Resource Scarcity in Your Supply Chain? Do These.

No supply chain stands alone, irrespective of the crisis going on across the world, which makes most supply chains susceptible to resource scarcity.

The world just recovered or is still recovering from COVID-19. But there are still conflicts and political instability all around that puts most supply chains at risk.

In some regions, we have droughts; in others, we have natural disasters. The point here is no matter how prepared or optimized a supply chain is. There could be times when it is faced with resource scarcity.

Since supply chains are typically the transformation of raw materials into consumable goods and services and then delivering them to the consumer, the resources in question typically consist of raw materials (direct and indirect).

Although it may not be your fault or your supply chain’s fault, it is still important to get ahead of it. In this article, we explore what to do when your supply chain is facing a scarcity of resources.


1. Prioritize Critical Resources

When facing resource scarcity, whether just one or multiple resources, one of the most important steps is to identify the critical nature of the resources in question and then prioritize.

The next step is to determine the parts of the supply chain where they are needed and the suppliers responsible for them.

With these, your supply chain gets in motion, giving it a strategy to work with. When you are able to determine and prioritize the most important resources, you can greatly reduce the risk.

It is also easier to attract the less important resources when you have the most important ones in stock.


2. Look Out for More Suppliers 

More suppliers give you an opportunity to mitigate the risk and explore potential alternatives that ensure your supply chain has the proverbial plan A, B, and C.

When your supply chain is facing resource scarcity, it is typically the case that the current suppliers or partners cannot meet its demands.

This is why you need a wider pool of suppliers. And in many cases, thinking local could come in handy. This is especially true for agricultural businesses and supply chains.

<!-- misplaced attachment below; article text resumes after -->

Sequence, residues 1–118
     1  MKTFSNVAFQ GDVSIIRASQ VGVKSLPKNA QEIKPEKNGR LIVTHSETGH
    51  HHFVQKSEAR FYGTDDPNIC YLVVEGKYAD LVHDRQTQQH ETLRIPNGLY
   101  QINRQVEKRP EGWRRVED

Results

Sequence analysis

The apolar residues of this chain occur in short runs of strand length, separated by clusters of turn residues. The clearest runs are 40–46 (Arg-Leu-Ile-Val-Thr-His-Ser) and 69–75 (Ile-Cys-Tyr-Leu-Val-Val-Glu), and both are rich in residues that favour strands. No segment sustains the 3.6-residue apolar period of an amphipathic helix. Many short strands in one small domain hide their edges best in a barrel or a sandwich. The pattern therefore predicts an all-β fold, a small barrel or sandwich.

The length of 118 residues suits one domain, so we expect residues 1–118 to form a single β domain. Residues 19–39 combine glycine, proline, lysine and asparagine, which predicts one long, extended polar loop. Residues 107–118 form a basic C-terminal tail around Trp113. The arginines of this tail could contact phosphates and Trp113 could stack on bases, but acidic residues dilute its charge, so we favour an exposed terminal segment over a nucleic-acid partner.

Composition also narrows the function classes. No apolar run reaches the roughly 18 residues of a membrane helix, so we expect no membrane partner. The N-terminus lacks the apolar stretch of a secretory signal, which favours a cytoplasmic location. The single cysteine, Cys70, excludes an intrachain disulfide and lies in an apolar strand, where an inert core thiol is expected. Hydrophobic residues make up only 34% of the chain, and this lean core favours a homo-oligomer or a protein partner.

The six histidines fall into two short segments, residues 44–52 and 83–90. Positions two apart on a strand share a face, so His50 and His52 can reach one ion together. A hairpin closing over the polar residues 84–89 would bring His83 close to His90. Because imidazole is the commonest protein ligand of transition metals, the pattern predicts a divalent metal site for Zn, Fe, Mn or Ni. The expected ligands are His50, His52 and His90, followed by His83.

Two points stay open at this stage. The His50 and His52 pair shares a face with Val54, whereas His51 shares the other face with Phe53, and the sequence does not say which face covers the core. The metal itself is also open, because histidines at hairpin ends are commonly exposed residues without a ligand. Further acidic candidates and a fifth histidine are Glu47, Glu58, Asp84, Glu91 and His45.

When branching out or expanding your pool of suppliers, there is a risk that your new suppliers may not provide the same standard of service you are used to.

So managing your customer’s expectations might be quite useful here, especially when your supply chain is service-based.


3. Conserve Resources

In times of crisis, it is typical to want to conserve what you have. The same can apply to your supply chain when faced with resource scarcity.

You want to optimize usage and reduce the waste of such resources throughout the supply chain.

For instance, in many African regions, businesses have to source their own power or electricity, and they do this through the use of generators powered by fuel, diesel, or gas.

However, these products can get scarce sometimes, especially when there is an issue on the global stage. Although this is a good example of an indirect raw material or resource, these supply chains have to conserve the available fuel by turning the generators on or off, depending on the production level.


4. Continuous Monitoring

Keep a hawkish eye on the market. There are many reasons for this, but the primary reason is that it allows your supply chain to relax and return to normal operations.

Another reason is the cost of these resources. Typically, when there is scarcity, prices tend to go up, impacting your product’s selling price.

When the scarcity starts declining, prices will naturally decline until they reach the original state or at least close to it. If you don’t catch it in time and push your suppliers to adjust their prices, and in turn adjust the price of your product, you could lose lots of sales.

Continuously monitoring the market ensures you can spot good or bad changes, allowing you to adjust properly.


5. Explore Alternative Resources

When faced with resource scarcity, it might be time to explore the market and find alternatives to the resources in question.

It may not always be the case, but there are many instances where alternative resources can go into the production of the product, and the final product still turns out okay.

For instance, a production company relying on sugar can source alternatives such as saccharin, monk fruit extract, etc.

Now, there is a caveat: you must ensure your customers will buy into the new product, so it pays to gradually introduce it into the market and see how it goes.

Then again, the example above may not work. 🙂